MS Nordkapp to the Lofoten islands
Trip Start Mar 15, 2006
62Trip End Dec 20, 2006
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Though the scenery was nice, the trip ended up being quite dull for me. Firstly, there weren't really any other backpackers on the boat. The average age of the passengers would have been approaching 80, quite a few of them in wheelchairs, and I guess it was an ideal holiday for them, as there wasn't much to do except sit and watch the scenery go by.
Our ship was the MS Nordkapp, one of the newer ones of the Hurtigruten fleet. The Hurtigruten boats run daily from Bergen up to Kirkenes on the Russian border and back over 11 days. Many of the passengers had booked for the full 11 day tour
At first it was quite exciting checking out the ship. There were 5 floors, and a sauna and jaccuzzi on deck. But you could walk around it all in about 10 minutes, and then there was little left to do except look out the window. The scenery was nice, passing through the fjords, and some very isolated farms, but after a while it was much the same. I passed my time reading, playing chess with an old Norwegian sailor, wandering around the decks and reading some more. I realised I was truly bored when i looked forward to the prospect of doing my washing in the coin laundry because it would give me something to do.
Sometimes we would stop off at towns along the way, but these stops were often short, only 30 minutes or so. As the food on board was so expensive (a plain hamburger- a bread roll with a hamburger patty and no salad or anything- cost $15 aud, or $20 if it had salad) I usually spent this time stocking up on supplies. A couple of the prettier towns we stopped off at for longer. Alesund and Trondheim were both nice. We crossed the Arctic circle on our third day.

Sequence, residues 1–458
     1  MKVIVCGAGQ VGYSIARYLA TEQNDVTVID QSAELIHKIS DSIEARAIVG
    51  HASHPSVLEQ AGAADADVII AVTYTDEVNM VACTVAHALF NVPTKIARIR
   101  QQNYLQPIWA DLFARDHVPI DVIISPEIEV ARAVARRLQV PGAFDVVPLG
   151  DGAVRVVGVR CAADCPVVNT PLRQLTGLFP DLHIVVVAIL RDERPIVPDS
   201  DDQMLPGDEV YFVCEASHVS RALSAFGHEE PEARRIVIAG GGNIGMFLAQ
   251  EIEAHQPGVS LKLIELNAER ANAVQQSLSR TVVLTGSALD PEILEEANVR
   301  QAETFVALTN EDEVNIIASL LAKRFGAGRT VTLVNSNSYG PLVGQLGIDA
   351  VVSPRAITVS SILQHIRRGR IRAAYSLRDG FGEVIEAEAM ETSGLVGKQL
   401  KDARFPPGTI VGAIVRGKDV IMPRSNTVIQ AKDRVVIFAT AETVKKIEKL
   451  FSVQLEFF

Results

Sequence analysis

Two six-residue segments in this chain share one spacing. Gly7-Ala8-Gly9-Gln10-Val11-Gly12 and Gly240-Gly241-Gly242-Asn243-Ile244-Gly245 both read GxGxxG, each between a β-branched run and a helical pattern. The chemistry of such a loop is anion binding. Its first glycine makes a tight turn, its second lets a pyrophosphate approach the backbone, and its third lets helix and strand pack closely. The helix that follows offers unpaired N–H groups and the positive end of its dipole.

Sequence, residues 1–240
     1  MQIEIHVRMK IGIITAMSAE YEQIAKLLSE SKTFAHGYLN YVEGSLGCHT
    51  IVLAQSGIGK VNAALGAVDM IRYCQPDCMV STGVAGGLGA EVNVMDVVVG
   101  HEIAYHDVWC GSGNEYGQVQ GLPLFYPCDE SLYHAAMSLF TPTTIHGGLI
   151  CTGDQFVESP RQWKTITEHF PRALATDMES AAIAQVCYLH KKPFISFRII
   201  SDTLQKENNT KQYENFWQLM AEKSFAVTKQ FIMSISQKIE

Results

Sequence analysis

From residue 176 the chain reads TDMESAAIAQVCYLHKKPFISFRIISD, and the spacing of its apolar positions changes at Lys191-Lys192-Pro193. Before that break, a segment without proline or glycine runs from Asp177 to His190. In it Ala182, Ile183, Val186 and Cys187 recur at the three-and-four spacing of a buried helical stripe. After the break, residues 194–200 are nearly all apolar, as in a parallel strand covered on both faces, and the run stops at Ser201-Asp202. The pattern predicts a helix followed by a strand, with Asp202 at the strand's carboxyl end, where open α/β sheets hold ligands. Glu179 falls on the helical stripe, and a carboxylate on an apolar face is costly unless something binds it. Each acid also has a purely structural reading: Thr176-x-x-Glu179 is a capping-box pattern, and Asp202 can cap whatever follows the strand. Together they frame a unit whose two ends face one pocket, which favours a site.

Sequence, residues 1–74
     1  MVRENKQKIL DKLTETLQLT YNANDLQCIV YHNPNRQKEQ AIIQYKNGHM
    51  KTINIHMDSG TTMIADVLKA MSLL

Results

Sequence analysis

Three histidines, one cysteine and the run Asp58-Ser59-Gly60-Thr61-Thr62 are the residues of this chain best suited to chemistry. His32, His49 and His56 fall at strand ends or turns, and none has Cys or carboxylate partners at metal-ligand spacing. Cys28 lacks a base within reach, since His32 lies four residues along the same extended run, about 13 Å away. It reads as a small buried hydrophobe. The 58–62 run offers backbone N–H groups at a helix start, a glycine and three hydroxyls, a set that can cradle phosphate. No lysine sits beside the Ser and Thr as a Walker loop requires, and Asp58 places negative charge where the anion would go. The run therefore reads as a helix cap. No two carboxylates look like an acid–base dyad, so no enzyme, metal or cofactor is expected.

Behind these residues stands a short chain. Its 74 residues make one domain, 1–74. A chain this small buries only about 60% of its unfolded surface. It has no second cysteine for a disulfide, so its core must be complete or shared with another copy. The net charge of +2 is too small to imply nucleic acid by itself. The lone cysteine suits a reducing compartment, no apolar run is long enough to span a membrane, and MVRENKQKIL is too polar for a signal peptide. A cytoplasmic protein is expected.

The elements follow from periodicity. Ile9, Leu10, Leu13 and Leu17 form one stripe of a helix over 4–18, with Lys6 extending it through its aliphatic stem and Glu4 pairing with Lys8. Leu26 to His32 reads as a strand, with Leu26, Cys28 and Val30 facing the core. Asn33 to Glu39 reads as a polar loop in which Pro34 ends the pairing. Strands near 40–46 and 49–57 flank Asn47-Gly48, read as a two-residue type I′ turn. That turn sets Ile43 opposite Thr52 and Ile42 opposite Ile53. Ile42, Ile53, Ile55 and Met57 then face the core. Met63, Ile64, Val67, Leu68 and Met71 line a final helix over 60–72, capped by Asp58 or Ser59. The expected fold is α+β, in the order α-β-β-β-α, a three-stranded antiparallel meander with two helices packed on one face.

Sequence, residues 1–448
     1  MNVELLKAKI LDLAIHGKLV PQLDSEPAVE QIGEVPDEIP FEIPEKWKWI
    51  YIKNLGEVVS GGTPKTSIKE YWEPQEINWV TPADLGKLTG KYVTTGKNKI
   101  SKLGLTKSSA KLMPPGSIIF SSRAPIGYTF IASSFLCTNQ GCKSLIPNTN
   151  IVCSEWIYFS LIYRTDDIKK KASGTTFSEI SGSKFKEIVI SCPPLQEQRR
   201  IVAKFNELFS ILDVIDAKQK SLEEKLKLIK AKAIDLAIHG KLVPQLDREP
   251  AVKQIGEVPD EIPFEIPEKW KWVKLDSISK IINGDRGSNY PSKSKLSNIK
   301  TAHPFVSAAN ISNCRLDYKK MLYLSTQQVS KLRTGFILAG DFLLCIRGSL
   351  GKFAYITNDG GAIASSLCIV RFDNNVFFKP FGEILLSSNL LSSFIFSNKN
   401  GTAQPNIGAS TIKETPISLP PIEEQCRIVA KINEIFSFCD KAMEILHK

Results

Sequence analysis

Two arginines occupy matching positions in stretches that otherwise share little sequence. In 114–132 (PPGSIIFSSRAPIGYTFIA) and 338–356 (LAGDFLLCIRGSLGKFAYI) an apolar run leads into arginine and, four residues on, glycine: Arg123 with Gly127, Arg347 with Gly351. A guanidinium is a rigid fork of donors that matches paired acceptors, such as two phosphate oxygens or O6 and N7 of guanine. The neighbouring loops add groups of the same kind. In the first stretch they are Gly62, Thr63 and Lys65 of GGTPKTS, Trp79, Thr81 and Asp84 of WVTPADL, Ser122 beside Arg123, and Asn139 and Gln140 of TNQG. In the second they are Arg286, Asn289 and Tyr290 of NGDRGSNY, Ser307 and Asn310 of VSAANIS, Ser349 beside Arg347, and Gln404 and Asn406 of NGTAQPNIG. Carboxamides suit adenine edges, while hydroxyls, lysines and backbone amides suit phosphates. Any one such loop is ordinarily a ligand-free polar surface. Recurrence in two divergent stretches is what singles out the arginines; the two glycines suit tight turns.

At night I slept on the coach, and usually slept like a log. The only time I didn't was when I was woken up at about 4am by a mentally unwell Norwegian man who had decided to sit next to me. He was talking to himself so loudly that it woke me up. When he saw that I was awake he started talking to me in Norwegian, and when I said I didn't understand he starting saying something in English about 'carpet' and I eventually worked out he wanted to know where to get the blankets from. Later, when I had fallen asleep again he woke me up again with his loud talking, this time wanting to know if he could borrow a cigaretter lighter.
On a positive note, with all this spare time on my hands I managed to work out what most of the buttons on my fancy new camera do (the instructions are in Norwegian), and had fun playing around with it.
It was definitely worth doing the trip as the Lofoten islands (see next entry) are spectacular, but if I had my time again I would either catch the train from Bergen, or fly.